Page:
People and the changing nature of coral reefs

Type Article
Date 2019-07
Language English
Author(s) Hoegh-Guldberg Ove1, Pendleton Linwood1, 2, 3, 4, Kaup Anne4
Affiliation(s) 1 : Global Change Institute, University of Queensland, Brisbane, QLD 4072, Australia
2 : Global Science, World Wildlife Fund, Washington, DC, USA
3 : Ifremer, CNRS, UMR 6308, AMURE, IUEM, University of Western Brittany, Plouzané, France
4 : Duke University, Durham, NC, USA
Source Regional Studies In Marine Science (2352-4855) (Elsevier BV), 2019-07 , Vol. 30 , P. 100699 (20p.)
DOI 10.1016/j.rsma.2019.100699
WOS© Times Cited 80
Keyword(s) Coral reefs, Global climate change, 'the dumb farmer', Adaptability, Human interactions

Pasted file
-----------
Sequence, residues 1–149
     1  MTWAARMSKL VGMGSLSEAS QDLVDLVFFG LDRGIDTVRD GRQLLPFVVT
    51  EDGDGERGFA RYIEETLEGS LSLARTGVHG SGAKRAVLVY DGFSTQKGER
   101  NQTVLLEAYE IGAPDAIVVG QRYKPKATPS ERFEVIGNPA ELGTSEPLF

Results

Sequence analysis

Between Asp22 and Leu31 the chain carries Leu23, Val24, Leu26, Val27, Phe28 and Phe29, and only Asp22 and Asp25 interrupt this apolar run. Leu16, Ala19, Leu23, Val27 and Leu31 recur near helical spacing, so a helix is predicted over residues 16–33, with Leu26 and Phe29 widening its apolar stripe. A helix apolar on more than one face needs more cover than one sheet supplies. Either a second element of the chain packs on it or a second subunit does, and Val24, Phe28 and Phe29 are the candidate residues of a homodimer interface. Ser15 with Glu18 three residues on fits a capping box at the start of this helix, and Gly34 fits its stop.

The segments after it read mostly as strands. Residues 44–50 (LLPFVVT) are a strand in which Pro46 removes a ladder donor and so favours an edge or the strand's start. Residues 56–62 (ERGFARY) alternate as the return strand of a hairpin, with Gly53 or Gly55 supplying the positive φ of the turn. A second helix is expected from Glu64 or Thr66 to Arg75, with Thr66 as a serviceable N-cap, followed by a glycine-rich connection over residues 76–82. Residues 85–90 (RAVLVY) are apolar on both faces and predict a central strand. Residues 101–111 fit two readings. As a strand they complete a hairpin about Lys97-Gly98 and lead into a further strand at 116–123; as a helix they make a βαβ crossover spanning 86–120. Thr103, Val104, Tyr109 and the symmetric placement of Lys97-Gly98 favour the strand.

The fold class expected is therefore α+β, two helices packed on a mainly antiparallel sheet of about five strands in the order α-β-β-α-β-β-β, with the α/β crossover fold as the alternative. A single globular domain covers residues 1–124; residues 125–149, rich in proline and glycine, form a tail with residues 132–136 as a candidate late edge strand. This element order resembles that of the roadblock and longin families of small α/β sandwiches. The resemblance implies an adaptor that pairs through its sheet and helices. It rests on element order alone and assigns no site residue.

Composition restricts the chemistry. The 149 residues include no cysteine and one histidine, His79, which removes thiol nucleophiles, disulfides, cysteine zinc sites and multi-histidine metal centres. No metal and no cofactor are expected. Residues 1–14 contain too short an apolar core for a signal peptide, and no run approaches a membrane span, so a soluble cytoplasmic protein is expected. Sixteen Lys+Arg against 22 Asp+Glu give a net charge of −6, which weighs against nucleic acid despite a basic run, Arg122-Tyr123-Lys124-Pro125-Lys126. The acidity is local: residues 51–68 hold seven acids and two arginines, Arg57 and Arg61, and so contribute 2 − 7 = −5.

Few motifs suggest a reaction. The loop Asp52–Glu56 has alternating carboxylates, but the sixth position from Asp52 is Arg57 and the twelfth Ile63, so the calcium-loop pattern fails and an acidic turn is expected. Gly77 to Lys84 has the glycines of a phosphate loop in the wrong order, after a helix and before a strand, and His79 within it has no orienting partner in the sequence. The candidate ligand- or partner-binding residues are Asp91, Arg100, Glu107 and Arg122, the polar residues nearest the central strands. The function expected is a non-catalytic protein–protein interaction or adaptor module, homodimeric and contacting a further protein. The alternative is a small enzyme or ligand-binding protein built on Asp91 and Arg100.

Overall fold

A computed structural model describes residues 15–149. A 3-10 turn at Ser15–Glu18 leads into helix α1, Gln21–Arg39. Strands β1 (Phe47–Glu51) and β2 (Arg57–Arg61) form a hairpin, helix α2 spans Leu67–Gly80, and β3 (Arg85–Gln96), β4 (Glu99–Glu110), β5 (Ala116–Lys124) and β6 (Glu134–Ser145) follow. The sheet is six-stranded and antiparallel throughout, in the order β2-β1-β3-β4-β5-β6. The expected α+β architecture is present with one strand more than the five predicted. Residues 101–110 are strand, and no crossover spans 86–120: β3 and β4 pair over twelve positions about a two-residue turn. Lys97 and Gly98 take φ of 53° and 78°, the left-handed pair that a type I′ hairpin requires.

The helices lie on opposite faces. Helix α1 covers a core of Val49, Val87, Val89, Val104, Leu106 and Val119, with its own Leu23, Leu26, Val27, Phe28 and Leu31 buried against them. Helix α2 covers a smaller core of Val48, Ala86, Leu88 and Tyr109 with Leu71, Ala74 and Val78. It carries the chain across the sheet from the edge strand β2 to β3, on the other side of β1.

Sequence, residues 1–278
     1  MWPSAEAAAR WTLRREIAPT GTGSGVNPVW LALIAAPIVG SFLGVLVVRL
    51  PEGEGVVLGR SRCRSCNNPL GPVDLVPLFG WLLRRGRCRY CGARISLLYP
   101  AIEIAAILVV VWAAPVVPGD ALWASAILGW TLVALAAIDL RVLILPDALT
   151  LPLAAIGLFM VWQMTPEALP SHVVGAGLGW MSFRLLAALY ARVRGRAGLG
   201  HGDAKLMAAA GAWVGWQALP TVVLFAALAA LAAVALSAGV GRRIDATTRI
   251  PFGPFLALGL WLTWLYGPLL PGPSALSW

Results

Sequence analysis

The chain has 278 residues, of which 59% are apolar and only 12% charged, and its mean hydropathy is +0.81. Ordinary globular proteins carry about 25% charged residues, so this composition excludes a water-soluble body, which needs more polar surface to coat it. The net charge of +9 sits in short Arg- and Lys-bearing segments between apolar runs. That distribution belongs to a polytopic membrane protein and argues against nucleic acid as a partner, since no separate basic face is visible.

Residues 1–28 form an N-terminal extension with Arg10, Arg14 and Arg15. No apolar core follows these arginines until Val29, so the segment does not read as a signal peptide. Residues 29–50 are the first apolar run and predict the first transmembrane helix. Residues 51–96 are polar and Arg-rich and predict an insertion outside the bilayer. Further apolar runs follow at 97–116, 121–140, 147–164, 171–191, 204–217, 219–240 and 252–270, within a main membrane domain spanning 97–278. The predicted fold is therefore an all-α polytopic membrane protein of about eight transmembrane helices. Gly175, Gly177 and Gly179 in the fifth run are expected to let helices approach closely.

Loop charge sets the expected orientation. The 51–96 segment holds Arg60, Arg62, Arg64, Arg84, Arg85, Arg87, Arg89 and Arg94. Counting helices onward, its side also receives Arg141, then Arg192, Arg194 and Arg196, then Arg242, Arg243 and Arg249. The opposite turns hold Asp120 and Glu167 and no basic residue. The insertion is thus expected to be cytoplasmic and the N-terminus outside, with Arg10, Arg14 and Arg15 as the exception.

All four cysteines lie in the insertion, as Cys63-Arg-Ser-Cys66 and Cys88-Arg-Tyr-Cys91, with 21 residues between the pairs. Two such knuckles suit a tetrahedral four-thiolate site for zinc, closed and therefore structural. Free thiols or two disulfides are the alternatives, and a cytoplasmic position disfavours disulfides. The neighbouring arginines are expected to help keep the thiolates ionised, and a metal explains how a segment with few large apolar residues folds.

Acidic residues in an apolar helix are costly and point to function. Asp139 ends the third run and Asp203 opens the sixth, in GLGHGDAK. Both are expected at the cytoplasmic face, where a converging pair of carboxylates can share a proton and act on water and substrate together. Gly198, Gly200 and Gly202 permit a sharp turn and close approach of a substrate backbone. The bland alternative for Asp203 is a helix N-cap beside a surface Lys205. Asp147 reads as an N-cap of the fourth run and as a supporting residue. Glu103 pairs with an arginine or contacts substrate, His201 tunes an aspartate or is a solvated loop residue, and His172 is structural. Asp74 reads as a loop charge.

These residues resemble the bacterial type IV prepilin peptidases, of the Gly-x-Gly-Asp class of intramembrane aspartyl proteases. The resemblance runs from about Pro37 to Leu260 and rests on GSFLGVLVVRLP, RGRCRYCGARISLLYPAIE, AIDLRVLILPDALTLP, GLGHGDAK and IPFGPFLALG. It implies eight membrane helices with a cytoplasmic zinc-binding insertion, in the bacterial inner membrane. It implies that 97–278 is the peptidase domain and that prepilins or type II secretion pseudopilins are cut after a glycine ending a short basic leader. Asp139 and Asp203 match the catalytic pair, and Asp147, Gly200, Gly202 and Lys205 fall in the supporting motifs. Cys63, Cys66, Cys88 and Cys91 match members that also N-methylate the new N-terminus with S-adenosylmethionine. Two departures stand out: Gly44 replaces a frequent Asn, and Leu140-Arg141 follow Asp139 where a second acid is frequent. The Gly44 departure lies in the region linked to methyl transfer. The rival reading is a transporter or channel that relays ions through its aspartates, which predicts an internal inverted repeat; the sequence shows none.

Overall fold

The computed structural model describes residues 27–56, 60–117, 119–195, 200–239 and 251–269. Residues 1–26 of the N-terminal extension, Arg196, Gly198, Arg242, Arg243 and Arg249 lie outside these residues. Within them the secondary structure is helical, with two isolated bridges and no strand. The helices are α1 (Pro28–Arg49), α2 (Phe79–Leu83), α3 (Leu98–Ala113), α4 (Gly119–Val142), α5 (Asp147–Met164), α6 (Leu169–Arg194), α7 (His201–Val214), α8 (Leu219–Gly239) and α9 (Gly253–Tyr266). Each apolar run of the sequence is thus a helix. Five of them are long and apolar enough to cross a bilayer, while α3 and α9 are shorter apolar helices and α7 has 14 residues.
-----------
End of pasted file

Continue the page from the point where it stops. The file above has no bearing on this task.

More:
Coral reefs are biodiverse and productive ecosystems but are threatened by local and global stresses. The resulting loss of coral reefs is threatening coastal food and livelihoods. Climate projections suggest that coral reefs will continue to undergo major changes even if the goals of the Paris Agreement (Dec 2015) are successfully implemented. Ecological changes include modified food webs, shifts in community structure, reduced habitat complexity, decreased fecundity and recruitment, changes to fisheries productivity/opportunity, and a shift in the carbonate budget of some ecosystems toward dissolution and erosion of calcium carbonate stocks. Broad estimates of the long-term (present value) of services provided by the ocean’s ecological assets exist and are useful in highlighting the value of reefs yet must be contextualised by how people respond under ecosystem change. The dynamic nature of the relationship between people, economies, and the environment complicates estimation of human consequences and economic outcomes of changing environmental and ecological capital. Challenges have increased given lack of baseline data and our inability to predict (with any precision) how people respond to changing coral reef conditions, especially given the variability, flexibility, and creativity shown by human communities and economies under change. Here, we explore how the changes to the three-dimensional structure of coral reefs affect benefits for people, specifically coastal protection, fisheries habitat, and tourism. Based on a review of available data and literature, we make a series of key recommendations that are required to better understanding of how global change will affect people dependent on coral reefs. These include: (1) baseline studies and frameworks for understanding human responses to climate change within complex social and ecological setting such as coral reefs, (2) better tools for exploring environmental benefits, markets, and financial systems faced by change, and (3) the integration of these insights into more effective policy making.

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